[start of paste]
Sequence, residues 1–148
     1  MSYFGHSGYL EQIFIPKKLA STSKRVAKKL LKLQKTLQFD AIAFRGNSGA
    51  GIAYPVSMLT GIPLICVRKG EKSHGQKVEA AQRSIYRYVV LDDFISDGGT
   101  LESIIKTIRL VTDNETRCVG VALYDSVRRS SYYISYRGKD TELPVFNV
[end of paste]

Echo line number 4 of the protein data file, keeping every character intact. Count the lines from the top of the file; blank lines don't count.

   101  LESIIKTIRL VTDNETRCVG VALYDSVRRS SYYISYRGKD TELPVFNV